Norway: Athletes gambling sponsor income under pressure

Norwegian athletes from a variety of sports, including UK Premier League football players, NHL players, cross country skiers and pole vaulters have signed sponsorship deals with various gambling operators. Norway practices a state-owned monopoly through Norsk Tipping on all gambling activities and the bulk of the proceeds from Norsk Tipping is plowed back into sports and culture. Norsk Tipping therefore stands out as a dominant beneficiary and money source for Norwegian sports both on a grass root level and for premier athletes.

Norwegian athletes whom have signed up for sponsorship deals with non-licensed operators have however been met with a very firm and consistent stance from local sports federations on all levels who has threatened to ban the athletes from representing Norway in international tournaments if they continue to make sponsorship deals with non-licensed gambling operators. The reasoning is that such sponsorships undermine the ban on gambling advertising in Norway and that this is not favourable for Norsk Tipping which is one of the largest contributors to sports financing in Norway. Other comments and official statements highlights issues such as supporting responsible gambling, values and ethics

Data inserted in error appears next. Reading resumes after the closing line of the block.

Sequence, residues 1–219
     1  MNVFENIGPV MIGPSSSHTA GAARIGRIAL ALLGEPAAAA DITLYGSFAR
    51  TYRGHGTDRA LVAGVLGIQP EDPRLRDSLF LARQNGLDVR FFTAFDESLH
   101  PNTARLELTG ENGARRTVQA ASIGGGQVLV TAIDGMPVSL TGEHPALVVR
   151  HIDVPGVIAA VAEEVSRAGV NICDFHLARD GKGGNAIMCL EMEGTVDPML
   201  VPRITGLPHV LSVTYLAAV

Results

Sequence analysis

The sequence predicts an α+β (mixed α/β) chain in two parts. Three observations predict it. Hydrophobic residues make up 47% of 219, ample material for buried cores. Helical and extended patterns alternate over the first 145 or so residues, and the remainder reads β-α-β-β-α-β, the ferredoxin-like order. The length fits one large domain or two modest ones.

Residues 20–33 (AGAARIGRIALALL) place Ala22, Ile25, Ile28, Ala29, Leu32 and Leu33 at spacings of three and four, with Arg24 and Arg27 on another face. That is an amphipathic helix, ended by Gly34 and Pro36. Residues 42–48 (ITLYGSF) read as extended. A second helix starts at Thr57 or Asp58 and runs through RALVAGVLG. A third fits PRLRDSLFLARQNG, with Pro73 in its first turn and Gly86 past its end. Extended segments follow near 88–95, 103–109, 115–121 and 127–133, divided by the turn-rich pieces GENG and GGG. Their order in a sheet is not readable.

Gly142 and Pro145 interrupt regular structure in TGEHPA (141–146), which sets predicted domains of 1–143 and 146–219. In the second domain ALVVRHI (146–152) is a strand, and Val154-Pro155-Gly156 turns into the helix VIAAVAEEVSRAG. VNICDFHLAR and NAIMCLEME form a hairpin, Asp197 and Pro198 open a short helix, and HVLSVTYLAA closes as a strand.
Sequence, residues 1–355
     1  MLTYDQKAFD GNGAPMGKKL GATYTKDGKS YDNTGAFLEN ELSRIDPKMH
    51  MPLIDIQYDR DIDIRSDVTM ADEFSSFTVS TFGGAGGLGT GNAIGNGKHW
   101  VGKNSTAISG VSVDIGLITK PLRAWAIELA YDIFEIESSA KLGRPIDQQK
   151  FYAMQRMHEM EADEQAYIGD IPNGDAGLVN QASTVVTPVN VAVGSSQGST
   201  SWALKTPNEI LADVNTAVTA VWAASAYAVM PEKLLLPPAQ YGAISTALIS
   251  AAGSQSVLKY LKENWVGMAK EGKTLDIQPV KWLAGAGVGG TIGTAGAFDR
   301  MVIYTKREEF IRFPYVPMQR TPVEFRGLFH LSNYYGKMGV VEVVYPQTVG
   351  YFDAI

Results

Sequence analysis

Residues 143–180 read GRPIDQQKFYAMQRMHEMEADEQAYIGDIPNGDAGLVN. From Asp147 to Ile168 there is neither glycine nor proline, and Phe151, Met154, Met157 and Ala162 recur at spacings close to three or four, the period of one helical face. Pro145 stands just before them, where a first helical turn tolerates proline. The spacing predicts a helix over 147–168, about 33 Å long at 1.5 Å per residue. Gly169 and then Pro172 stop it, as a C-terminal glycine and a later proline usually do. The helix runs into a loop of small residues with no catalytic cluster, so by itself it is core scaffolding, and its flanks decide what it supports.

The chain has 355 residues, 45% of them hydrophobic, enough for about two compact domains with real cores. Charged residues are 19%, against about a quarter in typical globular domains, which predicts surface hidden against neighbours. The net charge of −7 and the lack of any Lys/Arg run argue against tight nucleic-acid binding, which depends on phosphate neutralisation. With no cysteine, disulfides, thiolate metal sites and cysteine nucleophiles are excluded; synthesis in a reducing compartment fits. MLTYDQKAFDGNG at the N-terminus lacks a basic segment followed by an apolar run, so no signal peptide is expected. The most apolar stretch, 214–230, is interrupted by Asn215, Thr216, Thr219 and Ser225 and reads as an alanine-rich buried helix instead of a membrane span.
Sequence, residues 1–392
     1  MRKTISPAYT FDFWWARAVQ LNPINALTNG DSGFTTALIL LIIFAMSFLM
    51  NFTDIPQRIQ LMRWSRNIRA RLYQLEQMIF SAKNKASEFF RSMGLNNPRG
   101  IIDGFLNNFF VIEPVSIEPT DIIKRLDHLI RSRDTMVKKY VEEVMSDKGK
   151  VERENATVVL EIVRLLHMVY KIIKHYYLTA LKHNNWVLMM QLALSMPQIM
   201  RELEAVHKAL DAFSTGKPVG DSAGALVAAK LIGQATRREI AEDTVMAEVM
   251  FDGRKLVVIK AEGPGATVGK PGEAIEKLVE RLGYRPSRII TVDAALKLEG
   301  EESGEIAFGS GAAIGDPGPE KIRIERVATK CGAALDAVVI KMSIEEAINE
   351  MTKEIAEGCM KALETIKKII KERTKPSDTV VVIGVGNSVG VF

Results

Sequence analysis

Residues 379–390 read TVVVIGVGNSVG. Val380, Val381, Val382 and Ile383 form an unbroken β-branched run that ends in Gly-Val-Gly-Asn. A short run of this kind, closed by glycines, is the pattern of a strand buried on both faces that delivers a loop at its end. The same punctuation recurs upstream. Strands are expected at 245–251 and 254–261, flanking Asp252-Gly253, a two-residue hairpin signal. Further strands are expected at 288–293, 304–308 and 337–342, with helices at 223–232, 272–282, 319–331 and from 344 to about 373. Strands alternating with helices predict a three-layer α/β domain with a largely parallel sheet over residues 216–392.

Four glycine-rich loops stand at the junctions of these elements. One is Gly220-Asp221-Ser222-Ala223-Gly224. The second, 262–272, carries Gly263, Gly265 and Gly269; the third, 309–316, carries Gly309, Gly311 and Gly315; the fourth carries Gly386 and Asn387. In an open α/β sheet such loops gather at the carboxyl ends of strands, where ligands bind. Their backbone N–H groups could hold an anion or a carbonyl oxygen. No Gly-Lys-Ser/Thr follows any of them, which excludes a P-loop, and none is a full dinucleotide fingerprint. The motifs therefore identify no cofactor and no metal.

The pressure applied from the sports federations seem to have the effect that the athletes have stood down one by one, and are closing off their deals (or not signing new ones) with their gambling sponsors. The legality of the sponsorship deals seem not to have been the main issue as the Lottery Authority has not taken any action in this respect. The issue is likely that Norwegian Sports Federation will not condone such promotion deals because they have decided on a policy in these questions which is supportive of and maintains their good relationship with their benefactor, Norsk Tipping. On 29 July, the President of The Norwegian Olympic and Paralympic Committee and Federation of Sports further cemented the position against the athletes by a statement which effectively works to ban them from receiving any kind of service from Olympiatoppen (the top athletes support organisation), including access to training premises.

Regardless of the legality of the advertising and the legality of the sports federations sanctions against the athletes, it seems that the sanctions and the unanimous outcries from representatives of organized sport in Norway will have the effect that few – if any – Norwegian top athletes will sign sponsorships with non-licensed gambling operators in the near future.